The gastric sleeve, also known as a sleeve gastrectomy, is a bariatric surgery in which a patient’s stomach is reduced to 15% to 25% of its original size in order to restrict the amount of food intake.
The cost of a gastric sleeve depends on where you choose to have surgery and your individual needs. The pricing differential depends on many factors, such as cost of living, exchange rates, practicing costs or regulatory conditions, which may differ greatly from country to country.
The gastric sleeve, also known as a sleeve gastrectomy, or plainly, the sleeve, is a bariatric surgery that works by restricting the amount of food intake and regulating hormone production in the gut. During a gastric sleeve surgery, a patient’s stomach is reduced to 15% to 25% of its original size.
Although qualification guidelines vary by country, generally, bariatric surgery can be recommended for any adult under the supervision of a medical professional who meets one of the following criteria:
Body Mass Index (BMI) is a globally accepted measure of body fat based on the relationship between height and weight. While BMI is an effective screening tool to determine whether an individual is in a weight category that may lead to health problems, BMI alone is not a diagnostic of body fatness or the health of an individual. BMI is universally expressed in kg/m^2.
This is the formula used to calculate the BMI: Weight in Kilograms / Height squared in Centimeters or weight (kg) ÷ height^2 (m^2)
The BMI weight categories are as follows:
Gastric sleeve surgery is performed as a laparoscopic procedure. Laparoscopic surgery (also known as keyhole surgery or bandaid surgery) is a modern surgical technique in which a surgeon can conduct an entire procedure through a few small incisions (usually 0.5-1.5cm in diameter), using a laparoscope (a long, fiber-optic cable) inserted through a needle-like tube. Here is what a gastric sleeve procedure entails step by step:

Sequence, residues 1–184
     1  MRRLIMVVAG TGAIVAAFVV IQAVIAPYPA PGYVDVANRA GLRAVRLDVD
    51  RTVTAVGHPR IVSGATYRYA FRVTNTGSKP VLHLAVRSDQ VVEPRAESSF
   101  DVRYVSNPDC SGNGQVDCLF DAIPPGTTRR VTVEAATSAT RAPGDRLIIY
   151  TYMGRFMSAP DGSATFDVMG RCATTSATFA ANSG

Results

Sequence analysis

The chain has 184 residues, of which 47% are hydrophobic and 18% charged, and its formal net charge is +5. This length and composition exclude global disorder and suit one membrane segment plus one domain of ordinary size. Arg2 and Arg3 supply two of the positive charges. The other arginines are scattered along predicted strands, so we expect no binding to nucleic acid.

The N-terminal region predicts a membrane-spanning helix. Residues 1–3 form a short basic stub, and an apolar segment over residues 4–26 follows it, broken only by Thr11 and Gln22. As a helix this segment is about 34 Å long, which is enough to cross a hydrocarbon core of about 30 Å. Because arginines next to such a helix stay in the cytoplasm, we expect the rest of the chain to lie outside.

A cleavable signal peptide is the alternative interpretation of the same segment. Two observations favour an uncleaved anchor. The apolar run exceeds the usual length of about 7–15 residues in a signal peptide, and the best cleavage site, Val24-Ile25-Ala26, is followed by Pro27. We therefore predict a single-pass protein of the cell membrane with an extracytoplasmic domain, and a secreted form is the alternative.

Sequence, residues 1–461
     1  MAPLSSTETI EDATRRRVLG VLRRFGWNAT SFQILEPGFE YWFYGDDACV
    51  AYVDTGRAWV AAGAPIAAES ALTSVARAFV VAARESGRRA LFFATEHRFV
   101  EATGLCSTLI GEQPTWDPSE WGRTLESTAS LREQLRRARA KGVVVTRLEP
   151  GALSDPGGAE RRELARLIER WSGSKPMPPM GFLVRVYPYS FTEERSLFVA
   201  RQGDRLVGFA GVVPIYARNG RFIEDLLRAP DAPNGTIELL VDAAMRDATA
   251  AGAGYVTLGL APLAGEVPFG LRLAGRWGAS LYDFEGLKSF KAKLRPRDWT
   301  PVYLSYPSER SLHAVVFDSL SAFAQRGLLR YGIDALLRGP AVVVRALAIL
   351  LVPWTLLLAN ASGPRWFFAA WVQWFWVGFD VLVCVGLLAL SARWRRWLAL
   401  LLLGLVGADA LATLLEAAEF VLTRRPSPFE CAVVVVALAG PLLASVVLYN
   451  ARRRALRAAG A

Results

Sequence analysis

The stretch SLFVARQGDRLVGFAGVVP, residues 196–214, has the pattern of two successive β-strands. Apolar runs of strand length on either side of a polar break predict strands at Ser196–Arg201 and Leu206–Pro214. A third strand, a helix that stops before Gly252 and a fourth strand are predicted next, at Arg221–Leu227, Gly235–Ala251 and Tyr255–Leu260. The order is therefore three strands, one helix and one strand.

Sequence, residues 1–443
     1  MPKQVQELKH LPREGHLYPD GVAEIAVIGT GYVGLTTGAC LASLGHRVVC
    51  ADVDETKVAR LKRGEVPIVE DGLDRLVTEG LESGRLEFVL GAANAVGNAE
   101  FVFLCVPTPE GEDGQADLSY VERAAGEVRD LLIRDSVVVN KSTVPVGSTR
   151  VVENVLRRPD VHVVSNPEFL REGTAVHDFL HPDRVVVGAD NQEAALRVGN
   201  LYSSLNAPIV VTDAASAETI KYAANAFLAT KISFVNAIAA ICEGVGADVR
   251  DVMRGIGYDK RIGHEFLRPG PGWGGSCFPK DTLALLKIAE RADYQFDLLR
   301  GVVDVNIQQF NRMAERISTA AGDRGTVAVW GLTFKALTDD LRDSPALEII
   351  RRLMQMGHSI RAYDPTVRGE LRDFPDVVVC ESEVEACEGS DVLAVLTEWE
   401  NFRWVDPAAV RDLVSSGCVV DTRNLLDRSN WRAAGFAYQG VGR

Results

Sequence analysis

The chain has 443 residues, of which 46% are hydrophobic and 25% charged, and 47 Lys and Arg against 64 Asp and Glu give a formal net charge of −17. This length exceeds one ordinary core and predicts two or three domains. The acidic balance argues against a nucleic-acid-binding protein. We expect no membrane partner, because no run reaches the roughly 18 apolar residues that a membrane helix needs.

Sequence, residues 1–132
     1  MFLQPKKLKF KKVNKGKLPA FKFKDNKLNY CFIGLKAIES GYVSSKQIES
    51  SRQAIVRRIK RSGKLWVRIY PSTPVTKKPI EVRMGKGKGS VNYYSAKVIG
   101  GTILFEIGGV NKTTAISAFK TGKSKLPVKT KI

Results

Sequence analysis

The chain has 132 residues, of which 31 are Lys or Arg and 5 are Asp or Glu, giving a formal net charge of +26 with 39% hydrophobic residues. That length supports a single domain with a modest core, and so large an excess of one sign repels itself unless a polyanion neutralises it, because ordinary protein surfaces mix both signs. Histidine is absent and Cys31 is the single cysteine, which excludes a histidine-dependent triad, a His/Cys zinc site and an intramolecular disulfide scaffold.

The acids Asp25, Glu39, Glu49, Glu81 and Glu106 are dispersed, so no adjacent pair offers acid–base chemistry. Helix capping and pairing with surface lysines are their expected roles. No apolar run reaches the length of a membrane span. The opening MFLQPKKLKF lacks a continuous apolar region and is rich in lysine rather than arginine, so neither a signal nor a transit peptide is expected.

The patient is administered general anesthesia. General anesthesia will render the patient unconscious during the whole procedure, which typically lasts 1 to 2 hours.
Once the patient is asleep, the surgeon will create 5 small incisions in the abdominal wall that will be used to place a camera and specific surgical instruments to carry out the surgery. The camera will display the images on a monitor in the operating room.
The patient’s abdomen will be then filled with carbon dioxide gas to create more space between the organs and ensure a safer operation.
The surgeon will insert a bougie tube into the stomach that will serve as the sizer of the new stomach.
The stomach will be divided into two parts: starting from 4-6 cm (1.5-2.5 inches) from the pylorus, the valve between the stomach and the small intestine, the surgeon will remove around 80% of the stomach and leave a banana-shaped pouch.
The bougie tube will be removed. The new stomach now represents 15-20% of its original size and will be closed using surgical staples.
All the instruments will be removed and the incisions will be closed with stitches.